The U.S. Department of Education’s (DOE) has the ability to grant “flexibility waivers” to states that are having difficulty meeting “specific requirements of the No Child Left Behind Act of 2001 (NCLB).”
However, this flexibility isn’t free. It is offered “in exchange for rigorous and comprehensive State-developed plans designed to improve educational outcomes for all students, close achievement gaps, increase equity, and improve the quality of instruction.”
Let’s translate this.
The federal government requires, through the No Child Left Behind Act (and its predecessor, the Elementary and Secondary Education Act, first passed in 1965), that states annually test the basic academic skills of all their students if they wish to receive federal aid for those who are “disadvantaged.” Through these assessments, they must demonstrate that their students are making “adequate yearly progress” toward math and reading proficiency and acceptable high school graduation rates. It also requires states to provide “highly qualified” teachers.
Failure to meet the federal government’s “adequate yearly progress” or “teacher qualification” requirements results in increasing degrees of state control over a school or a district. Where states have struggled to meet these progress standards, there have been appeals for leniency…or, in the language of the government, “flexibility.” In fact, according to the DOE, 45 states, the District of Columbia, Puerto Rico and the Bureau of Indian Education have submitted requests for “flexibility” and 43 states, the District of Columbia and Puerto Rico have been approved. (See here)
Which means that almost no one is meeting the government’s standards.
It also mean that what the government giveth, it can taketh away. Washington State lost its waiver in April “for failing to tie teacher and principal evaluations to student learning growth on state assessments.”[i] U.S. Secretary of Education Arne Duncan explained that Washington’s request for flexibility was approved on basis of keeping all its commitments to “key education reforms.”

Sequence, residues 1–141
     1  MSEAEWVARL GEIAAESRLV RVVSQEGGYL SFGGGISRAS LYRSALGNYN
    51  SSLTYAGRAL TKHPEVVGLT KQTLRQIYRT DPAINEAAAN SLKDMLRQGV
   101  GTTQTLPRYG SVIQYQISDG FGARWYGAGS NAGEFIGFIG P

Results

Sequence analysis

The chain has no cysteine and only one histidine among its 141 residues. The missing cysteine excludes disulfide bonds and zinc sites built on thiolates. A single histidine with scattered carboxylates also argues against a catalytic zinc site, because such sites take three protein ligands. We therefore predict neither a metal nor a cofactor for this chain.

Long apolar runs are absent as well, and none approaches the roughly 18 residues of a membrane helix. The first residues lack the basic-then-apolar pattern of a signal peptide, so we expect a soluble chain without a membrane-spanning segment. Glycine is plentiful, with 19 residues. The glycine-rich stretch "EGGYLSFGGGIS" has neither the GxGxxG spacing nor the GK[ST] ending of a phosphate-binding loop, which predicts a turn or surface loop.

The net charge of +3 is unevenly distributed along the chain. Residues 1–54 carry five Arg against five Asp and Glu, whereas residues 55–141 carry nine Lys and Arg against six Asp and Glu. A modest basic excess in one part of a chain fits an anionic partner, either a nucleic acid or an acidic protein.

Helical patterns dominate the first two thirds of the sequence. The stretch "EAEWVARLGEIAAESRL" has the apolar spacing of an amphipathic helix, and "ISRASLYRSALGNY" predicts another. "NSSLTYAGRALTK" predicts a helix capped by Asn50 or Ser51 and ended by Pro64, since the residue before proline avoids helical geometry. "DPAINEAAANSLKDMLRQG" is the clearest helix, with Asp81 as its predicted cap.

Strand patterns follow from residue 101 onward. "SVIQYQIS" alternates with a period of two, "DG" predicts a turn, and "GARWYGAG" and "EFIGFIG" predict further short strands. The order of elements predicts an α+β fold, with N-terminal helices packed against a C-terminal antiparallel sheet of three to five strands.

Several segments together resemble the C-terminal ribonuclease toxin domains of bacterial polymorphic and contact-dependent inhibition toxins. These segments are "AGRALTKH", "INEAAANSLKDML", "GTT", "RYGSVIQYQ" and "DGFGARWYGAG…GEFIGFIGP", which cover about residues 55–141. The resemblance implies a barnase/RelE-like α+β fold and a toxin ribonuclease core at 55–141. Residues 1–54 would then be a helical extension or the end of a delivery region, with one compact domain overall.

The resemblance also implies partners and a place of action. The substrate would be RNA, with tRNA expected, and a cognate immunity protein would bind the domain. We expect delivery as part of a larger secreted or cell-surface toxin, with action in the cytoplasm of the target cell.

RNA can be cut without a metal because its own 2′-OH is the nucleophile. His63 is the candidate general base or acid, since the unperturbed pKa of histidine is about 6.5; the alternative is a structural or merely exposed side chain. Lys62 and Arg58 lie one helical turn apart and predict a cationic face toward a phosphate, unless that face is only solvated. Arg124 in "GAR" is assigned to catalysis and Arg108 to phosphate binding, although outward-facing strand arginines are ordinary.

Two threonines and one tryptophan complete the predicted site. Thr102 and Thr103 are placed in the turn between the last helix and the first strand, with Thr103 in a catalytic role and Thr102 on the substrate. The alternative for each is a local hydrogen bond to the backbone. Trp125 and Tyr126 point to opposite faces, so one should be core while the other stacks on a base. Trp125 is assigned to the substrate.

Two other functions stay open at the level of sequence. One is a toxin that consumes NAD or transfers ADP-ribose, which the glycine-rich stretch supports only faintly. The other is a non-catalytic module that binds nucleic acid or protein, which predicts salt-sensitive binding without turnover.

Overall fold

Anita Hoge, veteran education researcher and author, understands these waivers as part of the push for teacher evaluations that are not so much about assuring “highly qualified” teachers as it is about assuring that teachers are in compliance with the education reforms driving federal education policy.
Federal education legislation has been sold to U.S. citizens as a mechanism by which poor communities can obtain sufficient money to educate their kids. Despite the increasingly stringent requirements of these federal acts, and wildly increased education spending per student, however, gains in academic proficiency and graduation rates have improved very little, if at all. How little is difficult to determine because assessments have been dramatically redesigned, with some arguing that they have been “dumbed down” to hide the truth.
The larger picture, however, is creation of an education system that plugs each student into a managed workforce. By redefining what is to be considered “disadvantaged” to include larger numbers of students and creating “school-wide” programs where the percentages of “disadvantage” are sufficiently high, more and more students are brought under the government’s protection. Students failing to meet federal standards – not in compliance with them – are subject to government intervention, not through decisions made by local, elected school boards but from federal authorities.
Therefore, it is advantageous to federal policy that states have high levels of “disadvantaged” students and a large number of states that are failing to meet their “commitments to key education reforms.” Both situations afford an avenue for increasing the number of people brought into the new education/workforce system.
So long as the issue only concerns improvement of math and reading skills, federal remediation of failing students seems relatively benign. Hoge, in a recent interview with Charlotte Iserbyt,[ii] explains that there is nothing benign here: “This past August , the National Assessment Governing Board came out and said, yes, we’re going to teach the affective domain, we’re going to teach thought skills, and we’re going to test workforce readiness in the affective domain.”[iii] “Affective domain” is a fancy term for “feelings,” “attitudes,” and “values.” That’s a pretty personal arena for a government to be demanding compliance.
And what of the individual whose attitudes and values resist remediation? He won’t be punished with yesterday’s gulag; he just won’t be able to get a job.
Welcome to the new education/workforce system.
Spero columnist Stephanie Block is the author of the four-volume 'Change Agents: Alinskyian Organizing Among Religious Bodies,' which is available at Amazon.
[i] Jason Amos, “WAIVE GOODBYE: Washington Becomes First State to Lose ESEA Waiver,” Alliance for Excellent Education Straight A’s newsletter, Vol. 14 No. 8, Apr 29, 2014.
[iii] Hoge’s remarks are confirmed in a National Assessment of Educational Progress (NAEP) Data Analysis Report prepared for the National Assessment Governing Board, “Monitoring What Matters About Context and Instruction in Science Education,” by Alan Friedman and Alan Ginsburg, July 2013. The executive summary says: “The NRC’s report discusses the importance of interest, attitudes, and other affective domain indicators…”